What to do? The race to meet a deadline.

Ah, the good ol' days... My second year of teaching in which all was needed was a walkies-talkie, a cup of coffee, and a skip in each step.

Ah, the good ol’ days… My second year of teaching in which all that was needed was a walkie talkie, a cup of coffee, lots of pens, and a skip in each step.

What deadline could I possibly have?  The summer is rapidly coming to a close, and I am about to re-enter the classroom again this fall for my 16th year of teaching.  Each summer I have a to do list that I try to complete before I am inundated with lesson planning, orchestrating projects, grading papers, and after school meetings.  My list is nearly complete, but I am waiting on Amazon for parts I need.  Here is my list so far of what I can remember…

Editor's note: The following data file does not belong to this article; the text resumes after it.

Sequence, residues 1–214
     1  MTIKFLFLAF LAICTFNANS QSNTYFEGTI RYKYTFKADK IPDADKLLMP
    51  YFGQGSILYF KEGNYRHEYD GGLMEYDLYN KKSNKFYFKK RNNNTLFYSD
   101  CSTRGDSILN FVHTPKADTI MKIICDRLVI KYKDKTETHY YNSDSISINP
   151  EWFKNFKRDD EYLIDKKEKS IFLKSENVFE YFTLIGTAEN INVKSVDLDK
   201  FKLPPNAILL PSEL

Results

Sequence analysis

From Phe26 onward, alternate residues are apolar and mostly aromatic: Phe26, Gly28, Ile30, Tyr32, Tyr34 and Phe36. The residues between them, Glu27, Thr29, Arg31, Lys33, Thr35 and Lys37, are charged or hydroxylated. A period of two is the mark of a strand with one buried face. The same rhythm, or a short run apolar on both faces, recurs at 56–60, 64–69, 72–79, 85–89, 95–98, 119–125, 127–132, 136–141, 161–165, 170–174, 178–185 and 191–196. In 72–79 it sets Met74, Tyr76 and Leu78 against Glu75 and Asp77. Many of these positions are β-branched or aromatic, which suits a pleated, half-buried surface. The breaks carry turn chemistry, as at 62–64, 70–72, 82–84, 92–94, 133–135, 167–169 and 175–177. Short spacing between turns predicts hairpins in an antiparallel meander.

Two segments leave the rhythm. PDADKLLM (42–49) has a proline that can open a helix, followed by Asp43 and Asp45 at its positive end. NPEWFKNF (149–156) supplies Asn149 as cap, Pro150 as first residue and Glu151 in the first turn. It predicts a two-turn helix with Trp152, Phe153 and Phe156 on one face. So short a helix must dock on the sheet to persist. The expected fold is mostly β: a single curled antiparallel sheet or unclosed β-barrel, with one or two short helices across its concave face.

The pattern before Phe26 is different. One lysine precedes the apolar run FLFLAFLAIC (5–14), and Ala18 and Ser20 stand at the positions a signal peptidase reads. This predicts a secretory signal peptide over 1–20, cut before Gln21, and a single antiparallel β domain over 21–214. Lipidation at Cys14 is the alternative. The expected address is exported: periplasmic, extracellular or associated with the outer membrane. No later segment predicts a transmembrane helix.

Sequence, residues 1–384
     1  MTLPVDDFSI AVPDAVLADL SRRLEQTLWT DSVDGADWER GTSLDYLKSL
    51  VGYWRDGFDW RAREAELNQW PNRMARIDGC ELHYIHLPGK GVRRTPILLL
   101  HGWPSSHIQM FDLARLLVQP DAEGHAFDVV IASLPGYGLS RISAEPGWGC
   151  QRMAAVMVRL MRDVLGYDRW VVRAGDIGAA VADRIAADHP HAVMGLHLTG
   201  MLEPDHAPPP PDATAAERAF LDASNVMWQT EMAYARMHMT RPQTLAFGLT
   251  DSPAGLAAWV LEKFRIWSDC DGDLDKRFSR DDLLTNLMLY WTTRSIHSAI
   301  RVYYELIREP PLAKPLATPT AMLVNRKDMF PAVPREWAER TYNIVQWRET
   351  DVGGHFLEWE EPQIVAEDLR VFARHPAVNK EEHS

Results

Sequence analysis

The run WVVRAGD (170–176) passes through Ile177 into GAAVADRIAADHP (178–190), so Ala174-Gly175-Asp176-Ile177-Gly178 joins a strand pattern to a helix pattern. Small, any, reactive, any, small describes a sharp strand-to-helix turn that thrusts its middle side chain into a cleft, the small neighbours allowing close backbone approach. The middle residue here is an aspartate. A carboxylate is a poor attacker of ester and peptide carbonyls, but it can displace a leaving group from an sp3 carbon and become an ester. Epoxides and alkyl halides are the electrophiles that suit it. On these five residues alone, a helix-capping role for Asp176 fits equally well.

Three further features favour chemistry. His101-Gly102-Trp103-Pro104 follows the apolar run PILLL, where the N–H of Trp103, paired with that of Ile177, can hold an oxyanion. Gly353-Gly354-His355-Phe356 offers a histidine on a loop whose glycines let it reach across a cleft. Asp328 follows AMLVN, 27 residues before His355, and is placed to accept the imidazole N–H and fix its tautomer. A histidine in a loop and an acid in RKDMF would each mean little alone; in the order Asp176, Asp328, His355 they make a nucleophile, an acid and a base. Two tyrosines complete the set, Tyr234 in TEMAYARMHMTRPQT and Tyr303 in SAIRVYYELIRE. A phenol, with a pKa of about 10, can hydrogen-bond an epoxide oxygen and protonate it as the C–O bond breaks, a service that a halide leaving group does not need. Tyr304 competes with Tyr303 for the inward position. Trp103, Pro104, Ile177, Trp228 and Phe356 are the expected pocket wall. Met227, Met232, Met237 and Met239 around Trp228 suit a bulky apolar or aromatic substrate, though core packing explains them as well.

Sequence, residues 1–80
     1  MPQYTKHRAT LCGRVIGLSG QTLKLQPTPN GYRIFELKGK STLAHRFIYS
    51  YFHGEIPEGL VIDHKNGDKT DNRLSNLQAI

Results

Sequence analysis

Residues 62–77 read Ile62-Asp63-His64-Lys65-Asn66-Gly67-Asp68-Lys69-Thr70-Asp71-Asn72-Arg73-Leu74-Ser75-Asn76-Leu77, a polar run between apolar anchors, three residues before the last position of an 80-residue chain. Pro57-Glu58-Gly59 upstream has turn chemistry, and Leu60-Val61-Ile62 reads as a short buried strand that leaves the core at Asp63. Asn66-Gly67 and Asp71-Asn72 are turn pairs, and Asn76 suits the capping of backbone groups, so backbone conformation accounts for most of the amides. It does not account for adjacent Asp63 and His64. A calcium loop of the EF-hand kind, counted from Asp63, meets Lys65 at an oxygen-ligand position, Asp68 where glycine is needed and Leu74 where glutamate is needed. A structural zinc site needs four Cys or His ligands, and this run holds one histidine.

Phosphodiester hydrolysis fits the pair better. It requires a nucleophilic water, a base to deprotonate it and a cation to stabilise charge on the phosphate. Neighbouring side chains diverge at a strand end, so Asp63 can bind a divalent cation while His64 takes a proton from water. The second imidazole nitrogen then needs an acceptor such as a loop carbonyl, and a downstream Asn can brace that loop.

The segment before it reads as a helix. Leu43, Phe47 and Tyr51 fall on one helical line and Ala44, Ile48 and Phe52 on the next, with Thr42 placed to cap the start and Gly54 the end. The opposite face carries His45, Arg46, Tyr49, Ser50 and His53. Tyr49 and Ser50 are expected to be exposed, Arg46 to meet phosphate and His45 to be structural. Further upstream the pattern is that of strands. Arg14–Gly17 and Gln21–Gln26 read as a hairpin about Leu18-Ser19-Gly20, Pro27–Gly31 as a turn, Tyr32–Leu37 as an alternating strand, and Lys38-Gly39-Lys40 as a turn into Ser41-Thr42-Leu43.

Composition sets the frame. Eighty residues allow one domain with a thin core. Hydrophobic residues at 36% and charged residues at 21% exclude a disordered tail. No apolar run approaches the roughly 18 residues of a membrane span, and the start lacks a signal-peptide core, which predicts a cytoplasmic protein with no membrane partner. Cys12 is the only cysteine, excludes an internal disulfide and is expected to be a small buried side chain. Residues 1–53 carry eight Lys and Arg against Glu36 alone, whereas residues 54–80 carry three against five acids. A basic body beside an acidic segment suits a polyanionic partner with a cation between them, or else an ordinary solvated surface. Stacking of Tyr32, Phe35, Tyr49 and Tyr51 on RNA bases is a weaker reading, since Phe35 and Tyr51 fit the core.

• Fight obsessing over firewood, all the while collecting just shy of 10 cords of wood
  • Fix broken electric log splitter
  • Give lifesaving maintenance to chainsaw. Whose life mine or the chainsaw?
  • Replace refrigerator with a converted freezer
  • New road. “Yeah! no more mud, dust, and mud.”

    Awe the relaxation of a vacation... However, it's the getting to the vacation that brings a whole new level of crazy.

    The relaxation of a vacation… However, it’s the getting to the vacation that brings a whole new level of crazy.

  • Recover and and place sailboat back into storage without sailing it this summer. Bummer.
  • Take micro mini vacations or go crazy.  But, getting ready for a vacation became a new kind of crazy
  • Water, set up water system, fight with battery operated timers